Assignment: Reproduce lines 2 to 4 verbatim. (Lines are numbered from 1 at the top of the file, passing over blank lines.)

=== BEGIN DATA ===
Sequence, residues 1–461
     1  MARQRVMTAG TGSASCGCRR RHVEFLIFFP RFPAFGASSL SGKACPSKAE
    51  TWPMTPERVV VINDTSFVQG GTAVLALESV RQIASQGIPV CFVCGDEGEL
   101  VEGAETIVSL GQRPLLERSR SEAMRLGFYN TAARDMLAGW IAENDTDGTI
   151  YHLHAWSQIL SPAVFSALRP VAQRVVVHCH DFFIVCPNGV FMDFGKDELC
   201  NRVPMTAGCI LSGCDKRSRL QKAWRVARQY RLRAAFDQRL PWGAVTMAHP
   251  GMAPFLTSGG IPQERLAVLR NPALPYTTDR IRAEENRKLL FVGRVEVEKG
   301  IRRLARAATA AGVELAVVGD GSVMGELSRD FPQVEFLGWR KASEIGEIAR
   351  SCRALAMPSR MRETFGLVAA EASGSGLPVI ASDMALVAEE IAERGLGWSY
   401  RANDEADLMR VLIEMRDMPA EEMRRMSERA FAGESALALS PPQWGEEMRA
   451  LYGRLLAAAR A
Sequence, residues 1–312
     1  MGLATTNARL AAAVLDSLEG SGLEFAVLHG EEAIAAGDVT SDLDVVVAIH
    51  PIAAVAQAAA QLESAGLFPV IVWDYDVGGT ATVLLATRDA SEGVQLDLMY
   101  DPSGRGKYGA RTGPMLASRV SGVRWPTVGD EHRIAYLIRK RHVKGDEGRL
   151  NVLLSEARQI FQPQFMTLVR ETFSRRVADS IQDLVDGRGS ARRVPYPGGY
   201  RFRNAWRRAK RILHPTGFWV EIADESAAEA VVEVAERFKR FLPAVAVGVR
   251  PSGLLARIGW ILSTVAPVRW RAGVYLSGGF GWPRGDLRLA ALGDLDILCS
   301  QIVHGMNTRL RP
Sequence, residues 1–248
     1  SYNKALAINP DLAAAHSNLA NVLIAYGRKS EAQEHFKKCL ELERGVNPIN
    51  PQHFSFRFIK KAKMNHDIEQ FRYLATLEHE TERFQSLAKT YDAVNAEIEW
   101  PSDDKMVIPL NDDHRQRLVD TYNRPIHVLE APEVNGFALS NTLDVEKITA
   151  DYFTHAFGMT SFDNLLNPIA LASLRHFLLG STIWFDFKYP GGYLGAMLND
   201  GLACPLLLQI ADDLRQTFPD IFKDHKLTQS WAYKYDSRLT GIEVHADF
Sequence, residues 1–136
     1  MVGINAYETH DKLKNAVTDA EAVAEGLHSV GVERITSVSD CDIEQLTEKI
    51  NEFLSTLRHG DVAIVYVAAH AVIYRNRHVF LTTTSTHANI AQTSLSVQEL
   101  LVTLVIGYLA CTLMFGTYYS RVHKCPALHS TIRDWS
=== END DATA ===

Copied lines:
     1  MARQRVMTAG TGSASCGCRR RHVEFLIFFP RFPAFGASSL SGKACPSKAE
    51  TWPMTPERVV VINDTSFVQG GTAVLALESV RQIASQGIPV CFVCGDEGEL
   101  VEGAETIVSL GQRPLLERSR SEAMRLGFYN TAARDMLAGW IAENDTDGTI